Agips Pipeline at Ikeinghenbiri spills on farmlands and fish ponds, Nigeria


Ikeinghenbiri is an Ijaw community situated along the Ikebiri Creek in Olodiama clan of Southern Ijaw LGA. Its immediate neigbours are Ikebiri, Azuzuama and Korokorosei communities. Agip pipelines traverse the community environment and one of them is the Tebidaba/Ogboinbiri pipeline. The community falls within Agip’s Brass Swamp Area of operation.

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Basic Data
NameAgips Pipeline at Ikeinghenbiri spills on farmlands and fish ponds, Nigeria
ProvinceBayelsa State
SiteIkeinghenbiri community in Southern Ijaw Local Government area .
Accuracy of LocationLOW country/state level
Source of Conflict
Type of Conflict (1st level)Fossil Fuels and Climate Justice/Energy
Type of Conflict (2nd level)Oil and gas exploration and extraction
Pollution related to transport (spills, dust, emissions)
Specific Commodities
Crude oil
Project Details and Actors
Project Area (in hectares)10 to 20 hectares
Type of PopulationRural
Potential Affected Population2,000 to 10,000
Company Names or State EnterprisesNigeria Agip Oil Company (NAOC) from Nigeria
Relevant government actorsNigeria National Petroleum Corporations.
Environmental justice organisations and other supportersEnvironmental Rights Action/Friends of the Earth Nigeria.
The Conflict and the Mobilization
Intensity of Conflict (at highest level)LOW (some local organising)
When did the mobilization beginMobilization for reparations once impacts have been felt
Groups MobilizingFarmers
Indigenous groups or traditional communities
Local ejos
Landless peasants
Trade unions
Religious groups
Fisher people
Forms of MobilizationCreation of alternative reports/knowledge
Development of alternative proposals
Involvement of national and international NGOs
Media based activism/alternative media
Official complaint letters and petitions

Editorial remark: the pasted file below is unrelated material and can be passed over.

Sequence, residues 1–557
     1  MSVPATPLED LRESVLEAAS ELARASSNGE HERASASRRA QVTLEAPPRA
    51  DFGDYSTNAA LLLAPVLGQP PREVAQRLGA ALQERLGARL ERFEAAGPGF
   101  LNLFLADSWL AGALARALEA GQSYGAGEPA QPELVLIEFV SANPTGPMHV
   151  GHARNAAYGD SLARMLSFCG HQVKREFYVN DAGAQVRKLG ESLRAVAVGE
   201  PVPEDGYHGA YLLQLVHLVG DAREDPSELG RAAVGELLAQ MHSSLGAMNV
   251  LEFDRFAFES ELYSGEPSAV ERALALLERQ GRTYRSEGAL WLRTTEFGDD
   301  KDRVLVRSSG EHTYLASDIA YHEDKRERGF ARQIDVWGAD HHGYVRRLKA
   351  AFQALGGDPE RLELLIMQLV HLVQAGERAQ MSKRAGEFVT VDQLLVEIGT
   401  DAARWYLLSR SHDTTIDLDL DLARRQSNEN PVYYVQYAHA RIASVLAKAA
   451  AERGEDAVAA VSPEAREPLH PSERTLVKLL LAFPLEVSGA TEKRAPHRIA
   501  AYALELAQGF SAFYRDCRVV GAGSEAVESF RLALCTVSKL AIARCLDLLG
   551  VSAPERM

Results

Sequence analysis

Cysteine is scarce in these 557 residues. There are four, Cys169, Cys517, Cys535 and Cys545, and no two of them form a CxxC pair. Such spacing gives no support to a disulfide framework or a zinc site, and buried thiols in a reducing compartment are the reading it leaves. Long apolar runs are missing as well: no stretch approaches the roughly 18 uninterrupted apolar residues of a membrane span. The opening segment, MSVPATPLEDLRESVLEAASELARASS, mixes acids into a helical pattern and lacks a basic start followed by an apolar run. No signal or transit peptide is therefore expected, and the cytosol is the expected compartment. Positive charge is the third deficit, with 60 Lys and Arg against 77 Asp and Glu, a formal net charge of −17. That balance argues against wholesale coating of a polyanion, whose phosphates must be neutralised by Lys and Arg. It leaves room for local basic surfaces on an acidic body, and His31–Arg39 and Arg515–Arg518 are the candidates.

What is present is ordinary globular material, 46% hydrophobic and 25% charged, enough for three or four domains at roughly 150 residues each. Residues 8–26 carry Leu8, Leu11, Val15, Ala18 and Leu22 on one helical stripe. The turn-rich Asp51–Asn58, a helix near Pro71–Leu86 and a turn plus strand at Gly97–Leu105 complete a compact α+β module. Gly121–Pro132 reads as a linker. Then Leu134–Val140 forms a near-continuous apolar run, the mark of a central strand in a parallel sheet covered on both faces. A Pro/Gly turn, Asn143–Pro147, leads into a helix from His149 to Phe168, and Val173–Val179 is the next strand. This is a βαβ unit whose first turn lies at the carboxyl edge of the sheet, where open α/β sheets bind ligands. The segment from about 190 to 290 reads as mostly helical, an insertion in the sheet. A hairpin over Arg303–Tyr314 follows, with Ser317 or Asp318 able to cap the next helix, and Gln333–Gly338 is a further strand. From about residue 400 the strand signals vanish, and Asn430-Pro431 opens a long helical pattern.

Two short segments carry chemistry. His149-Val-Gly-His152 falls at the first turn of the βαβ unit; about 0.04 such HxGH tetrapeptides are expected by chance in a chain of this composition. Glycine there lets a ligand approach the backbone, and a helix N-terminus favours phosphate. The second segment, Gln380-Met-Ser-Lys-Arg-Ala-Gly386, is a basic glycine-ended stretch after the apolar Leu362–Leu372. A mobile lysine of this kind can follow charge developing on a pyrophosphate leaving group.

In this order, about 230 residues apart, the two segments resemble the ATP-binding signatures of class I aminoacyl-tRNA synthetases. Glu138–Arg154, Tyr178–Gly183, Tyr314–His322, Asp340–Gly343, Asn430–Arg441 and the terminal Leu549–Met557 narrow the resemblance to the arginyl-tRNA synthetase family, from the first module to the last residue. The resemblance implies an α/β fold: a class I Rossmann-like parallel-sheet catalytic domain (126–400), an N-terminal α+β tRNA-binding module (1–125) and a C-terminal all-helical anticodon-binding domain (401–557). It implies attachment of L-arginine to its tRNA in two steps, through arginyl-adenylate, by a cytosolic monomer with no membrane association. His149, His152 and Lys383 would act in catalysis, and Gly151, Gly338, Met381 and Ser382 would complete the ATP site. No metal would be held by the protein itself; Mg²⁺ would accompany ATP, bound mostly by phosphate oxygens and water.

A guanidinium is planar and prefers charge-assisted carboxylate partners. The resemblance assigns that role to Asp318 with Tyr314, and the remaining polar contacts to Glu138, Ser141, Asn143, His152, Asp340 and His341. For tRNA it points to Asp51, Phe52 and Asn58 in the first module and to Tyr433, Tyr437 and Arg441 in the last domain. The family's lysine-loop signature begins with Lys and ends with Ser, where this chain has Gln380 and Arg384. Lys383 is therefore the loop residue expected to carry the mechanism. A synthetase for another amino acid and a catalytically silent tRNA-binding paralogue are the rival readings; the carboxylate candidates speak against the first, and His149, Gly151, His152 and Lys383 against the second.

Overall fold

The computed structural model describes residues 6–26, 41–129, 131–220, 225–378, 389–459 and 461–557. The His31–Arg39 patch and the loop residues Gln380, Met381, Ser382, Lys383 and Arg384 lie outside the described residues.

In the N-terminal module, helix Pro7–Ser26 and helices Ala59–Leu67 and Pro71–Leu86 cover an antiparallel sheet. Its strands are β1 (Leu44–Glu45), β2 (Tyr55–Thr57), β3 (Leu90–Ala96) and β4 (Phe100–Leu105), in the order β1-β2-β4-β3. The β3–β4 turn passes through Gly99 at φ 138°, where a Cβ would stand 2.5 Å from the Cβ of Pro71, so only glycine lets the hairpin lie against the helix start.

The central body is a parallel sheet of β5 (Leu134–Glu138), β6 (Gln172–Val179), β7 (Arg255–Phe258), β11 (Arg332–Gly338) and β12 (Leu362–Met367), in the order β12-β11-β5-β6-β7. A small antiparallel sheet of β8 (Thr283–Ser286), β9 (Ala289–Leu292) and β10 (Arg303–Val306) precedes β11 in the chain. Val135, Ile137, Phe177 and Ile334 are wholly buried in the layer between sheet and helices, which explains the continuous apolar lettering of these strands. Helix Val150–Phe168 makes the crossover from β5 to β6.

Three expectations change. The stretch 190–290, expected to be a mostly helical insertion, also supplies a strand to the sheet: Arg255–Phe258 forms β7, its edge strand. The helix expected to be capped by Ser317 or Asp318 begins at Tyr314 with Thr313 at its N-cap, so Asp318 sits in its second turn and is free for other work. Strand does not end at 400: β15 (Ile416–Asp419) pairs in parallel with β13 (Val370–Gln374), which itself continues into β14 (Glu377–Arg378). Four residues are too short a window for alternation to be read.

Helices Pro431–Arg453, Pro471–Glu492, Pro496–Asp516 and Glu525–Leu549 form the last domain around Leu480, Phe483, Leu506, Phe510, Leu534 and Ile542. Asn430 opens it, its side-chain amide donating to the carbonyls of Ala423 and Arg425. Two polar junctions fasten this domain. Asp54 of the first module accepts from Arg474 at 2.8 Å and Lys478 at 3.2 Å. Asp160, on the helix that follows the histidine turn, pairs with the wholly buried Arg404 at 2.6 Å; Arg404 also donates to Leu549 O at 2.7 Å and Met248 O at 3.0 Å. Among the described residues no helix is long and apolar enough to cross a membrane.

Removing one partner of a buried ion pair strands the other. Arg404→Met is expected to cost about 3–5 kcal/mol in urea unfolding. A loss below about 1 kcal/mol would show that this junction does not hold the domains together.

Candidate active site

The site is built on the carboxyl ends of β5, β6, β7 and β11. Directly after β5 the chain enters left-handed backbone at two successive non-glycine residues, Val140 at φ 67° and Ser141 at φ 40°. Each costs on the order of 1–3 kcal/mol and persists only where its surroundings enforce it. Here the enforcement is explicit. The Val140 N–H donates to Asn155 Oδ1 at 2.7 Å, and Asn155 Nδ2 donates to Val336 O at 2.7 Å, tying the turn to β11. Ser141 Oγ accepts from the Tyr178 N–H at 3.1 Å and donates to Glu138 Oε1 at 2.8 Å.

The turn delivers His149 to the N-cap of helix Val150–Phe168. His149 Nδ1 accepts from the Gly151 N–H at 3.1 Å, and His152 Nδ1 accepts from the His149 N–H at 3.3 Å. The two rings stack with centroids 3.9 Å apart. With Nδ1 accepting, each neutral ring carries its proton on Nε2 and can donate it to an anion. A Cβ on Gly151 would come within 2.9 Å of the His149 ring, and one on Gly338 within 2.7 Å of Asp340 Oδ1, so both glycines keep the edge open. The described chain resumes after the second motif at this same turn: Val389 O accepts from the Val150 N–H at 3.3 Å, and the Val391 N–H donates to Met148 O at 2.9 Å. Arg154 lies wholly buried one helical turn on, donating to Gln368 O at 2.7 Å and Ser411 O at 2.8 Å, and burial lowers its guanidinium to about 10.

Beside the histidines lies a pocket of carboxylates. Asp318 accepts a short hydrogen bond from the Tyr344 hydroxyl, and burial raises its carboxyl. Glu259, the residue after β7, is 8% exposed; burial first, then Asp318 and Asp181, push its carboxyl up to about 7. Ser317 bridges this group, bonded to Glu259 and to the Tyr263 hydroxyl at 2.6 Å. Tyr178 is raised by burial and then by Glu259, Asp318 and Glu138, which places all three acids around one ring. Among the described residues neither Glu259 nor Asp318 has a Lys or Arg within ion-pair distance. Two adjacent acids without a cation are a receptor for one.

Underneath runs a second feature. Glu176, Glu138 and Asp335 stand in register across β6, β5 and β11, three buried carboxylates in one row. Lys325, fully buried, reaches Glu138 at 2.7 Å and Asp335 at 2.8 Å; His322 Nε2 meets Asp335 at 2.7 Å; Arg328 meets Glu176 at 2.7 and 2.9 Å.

Environmental ImpactsVisible: Biodiversity loss (wildlife, agro-diversity), Floods (river, coastal, mudflow), Food insecurity (crop damage), Loss of landscape/aesthetic degradation, Waste overflow, Oil spills, Surface water pollution / Decreasing water (physico-chemical, biological) quality
Potential: Air pollution, Genetic contamination, Soil contamination, Groundwater pollution or depletion
Health ImpactsPotential: Malnutrition, Infectious diseases, Other environmental related diseases
Socio-economic ImpactsVisible: Displacement, Lack of work security, labour absenteeism, firings, unemployment, Loss of livelihood, Loss of traditional knowledge/practices/cultures, Specific impacts on women, Violations of human rights, Land dispossession, Loss of landscape/sense of place
Potential: Militarization and increased police presence
Project StatusIn operation
Development of AlternativesAgip should mobilize to site to stop the spill without further delays

2 A properly constituted Joint Investigation Visit be carried out to ascertain cause of spill, record related volume of spill, spread and damages and recommend accordingly. The community should be given their copy of the signed JIV report for their own records too.

3 Agip follow up the JIV with proper cleanup of impacted environment.

4 The relevant agencies of government: the National Oil Spills Detection and Response Agency [NOSDRA], Ministries of Environment [State and Federal], Department of Petroleum Resources [DPR], etc take note and compel Agip to act accordingly to ensure compliance.

5 Environmental/Human Rights groups and the media draw public attention to the underlying issues to ensure protection of the environment and livelihood of the people.

6 Agip pay compensation if found culpable; for general and specific damages.
Do you consider this as a success?No
Why? Explain briefly.The community people continue to count their lost from the oil spillage. The spill released harmful substance into the surround causing lost of farmlands and fish ponds , and generally affected the socio -economic and cultural practices of the people. bring their entire livelihood to a decline.

Agip is yet to compensate the people and also clean up the spill from the area and affected villages.

Sources and Materials

NESREA (National Environmental Standards and Regulation Agency)

National oil spill Detection and Response Agency (NOSDRA)


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Meta Information
ContributorAfoke Ohwojeheri
Last update08/04/2014